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SCOTTISH NAVAL AND MILITARY ACADEMY. The annual examination of the pupils of this academy, which terminated on the 25th of July last, afforded the truly gratifying spectacle of a decided improvement in all the branches, whether of science or of general education, taught in the institution. The establishment, in fact, has at length “passed its majority," and attained a maturity which can scarcely fail to secure its' permanence as a national institution. The mathematical classes and the natural philosophy class exhibited a high degree of proficiency in science. The military drawings were not merely beautiful as drawings, but evinced, on the part of the young gentlemen by whom they were executed, a knowledge of the principles of fortification and military surveying, which reflects the highest credit on Lieutenant Shaw, who is at the head of this department. A model of a fortification, executed according to Vauban's first method, had been obtained ; and we have heard with pleasure that the examination which the pupils underwent on the principles of the attack and defence of strong places, illustrated by means of the model, was highly satisfactory. The answers of the young gentlemen were equally prompt and accurate throughout all their other branches of study ; while to the conciliating and gentlemanly manners, united to the firmness of character of the superintendent, Capt. Orr, is mainly ascribed the present harmony which subsists in all its departments.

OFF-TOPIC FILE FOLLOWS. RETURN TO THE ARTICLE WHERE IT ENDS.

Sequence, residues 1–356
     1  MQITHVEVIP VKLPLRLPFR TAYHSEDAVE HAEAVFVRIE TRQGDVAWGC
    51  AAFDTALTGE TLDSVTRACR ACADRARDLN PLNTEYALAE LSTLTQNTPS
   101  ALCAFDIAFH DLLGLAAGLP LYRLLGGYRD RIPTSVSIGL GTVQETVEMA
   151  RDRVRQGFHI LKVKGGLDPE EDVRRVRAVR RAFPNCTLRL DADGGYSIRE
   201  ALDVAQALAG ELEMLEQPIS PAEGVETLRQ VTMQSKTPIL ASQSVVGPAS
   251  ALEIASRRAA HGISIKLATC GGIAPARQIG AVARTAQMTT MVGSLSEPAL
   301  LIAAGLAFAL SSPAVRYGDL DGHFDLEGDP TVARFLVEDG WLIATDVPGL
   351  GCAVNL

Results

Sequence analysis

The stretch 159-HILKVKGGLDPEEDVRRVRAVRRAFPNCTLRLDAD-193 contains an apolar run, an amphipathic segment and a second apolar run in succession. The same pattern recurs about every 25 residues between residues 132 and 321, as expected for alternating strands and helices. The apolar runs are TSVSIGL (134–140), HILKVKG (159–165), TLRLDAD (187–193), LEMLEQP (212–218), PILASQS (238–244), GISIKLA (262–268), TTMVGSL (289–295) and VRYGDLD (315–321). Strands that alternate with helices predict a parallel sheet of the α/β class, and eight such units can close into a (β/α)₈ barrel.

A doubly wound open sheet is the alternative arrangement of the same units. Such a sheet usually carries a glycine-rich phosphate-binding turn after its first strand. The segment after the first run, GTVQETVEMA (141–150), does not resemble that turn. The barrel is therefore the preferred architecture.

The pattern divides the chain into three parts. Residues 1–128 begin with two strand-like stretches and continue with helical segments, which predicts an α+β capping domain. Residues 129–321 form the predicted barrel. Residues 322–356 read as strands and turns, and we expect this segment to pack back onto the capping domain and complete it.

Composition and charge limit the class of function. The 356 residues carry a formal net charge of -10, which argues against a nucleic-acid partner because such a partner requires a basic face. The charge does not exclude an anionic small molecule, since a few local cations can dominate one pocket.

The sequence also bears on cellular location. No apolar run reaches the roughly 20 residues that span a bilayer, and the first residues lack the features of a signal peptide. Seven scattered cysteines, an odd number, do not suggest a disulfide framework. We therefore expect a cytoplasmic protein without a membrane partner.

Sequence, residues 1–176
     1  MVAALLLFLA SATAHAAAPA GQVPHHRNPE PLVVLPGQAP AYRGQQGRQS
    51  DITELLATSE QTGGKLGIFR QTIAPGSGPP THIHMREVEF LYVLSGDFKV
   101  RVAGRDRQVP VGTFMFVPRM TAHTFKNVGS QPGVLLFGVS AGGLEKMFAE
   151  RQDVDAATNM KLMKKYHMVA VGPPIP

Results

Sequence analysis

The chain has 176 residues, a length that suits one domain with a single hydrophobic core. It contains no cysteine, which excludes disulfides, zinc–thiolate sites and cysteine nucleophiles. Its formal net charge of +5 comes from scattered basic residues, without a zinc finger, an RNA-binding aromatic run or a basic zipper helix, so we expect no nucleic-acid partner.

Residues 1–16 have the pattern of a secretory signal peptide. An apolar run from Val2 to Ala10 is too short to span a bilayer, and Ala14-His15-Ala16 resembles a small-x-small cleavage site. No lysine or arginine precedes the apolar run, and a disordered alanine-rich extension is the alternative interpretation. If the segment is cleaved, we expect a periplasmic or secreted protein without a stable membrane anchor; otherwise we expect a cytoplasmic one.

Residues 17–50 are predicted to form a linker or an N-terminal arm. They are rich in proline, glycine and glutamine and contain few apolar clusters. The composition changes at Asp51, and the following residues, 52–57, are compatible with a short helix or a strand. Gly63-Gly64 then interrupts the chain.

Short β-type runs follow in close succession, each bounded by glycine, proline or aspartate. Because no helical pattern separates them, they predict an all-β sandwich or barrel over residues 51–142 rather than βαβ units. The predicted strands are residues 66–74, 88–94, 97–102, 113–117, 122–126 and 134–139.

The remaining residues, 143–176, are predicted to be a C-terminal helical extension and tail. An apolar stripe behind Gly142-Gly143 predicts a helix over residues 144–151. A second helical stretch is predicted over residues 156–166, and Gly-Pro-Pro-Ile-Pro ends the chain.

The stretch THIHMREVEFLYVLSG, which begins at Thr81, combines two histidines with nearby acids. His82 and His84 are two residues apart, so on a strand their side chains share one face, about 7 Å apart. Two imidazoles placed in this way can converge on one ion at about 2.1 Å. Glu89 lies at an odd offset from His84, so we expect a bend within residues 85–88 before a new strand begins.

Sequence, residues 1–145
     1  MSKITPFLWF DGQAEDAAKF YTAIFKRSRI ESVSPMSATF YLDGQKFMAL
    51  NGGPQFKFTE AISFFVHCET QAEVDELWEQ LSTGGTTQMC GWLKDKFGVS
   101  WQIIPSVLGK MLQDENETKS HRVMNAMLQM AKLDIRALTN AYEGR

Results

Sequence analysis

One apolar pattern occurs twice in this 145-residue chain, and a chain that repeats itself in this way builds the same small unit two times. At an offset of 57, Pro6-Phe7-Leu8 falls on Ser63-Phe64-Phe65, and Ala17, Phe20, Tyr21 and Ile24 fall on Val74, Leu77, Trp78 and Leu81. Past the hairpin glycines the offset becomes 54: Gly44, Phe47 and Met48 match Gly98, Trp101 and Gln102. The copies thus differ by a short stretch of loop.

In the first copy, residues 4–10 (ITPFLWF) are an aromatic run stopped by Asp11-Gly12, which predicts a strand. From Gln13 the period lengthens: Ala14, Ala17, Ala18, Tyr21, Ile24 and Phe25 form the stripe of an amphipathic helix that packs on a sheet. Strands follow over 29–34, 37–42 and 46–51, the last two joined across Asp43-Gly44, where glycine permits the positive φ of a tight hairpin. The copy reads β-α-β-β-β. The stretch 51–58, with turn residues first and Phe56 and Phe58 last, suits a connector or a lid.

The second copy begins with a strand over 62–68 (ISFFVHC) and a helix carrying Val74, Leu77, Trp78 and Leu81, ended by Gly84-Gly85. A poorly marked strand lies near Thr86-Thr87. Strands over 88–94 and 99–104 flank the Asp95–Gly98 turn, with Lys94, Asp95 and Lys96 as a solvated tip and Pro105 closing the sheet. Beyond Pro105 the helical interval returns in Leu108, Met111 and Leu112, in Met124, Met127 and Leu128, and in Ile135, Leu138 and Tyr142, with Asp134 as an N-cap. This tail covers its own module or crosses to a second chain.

The education at this seminary is not exclusively military. On the contrary, it is adapted for civilians as well as for soldiers, and every branch is taught in it which usually enters into a general course of education. This, under present circumstances, is a great advantage ; and as no part of the course is compulsory, the public have a free choice, amongst all the branches, which to select, with the full benefit of that general competition between the academy and other institutions, which is the real parent of excellence in all.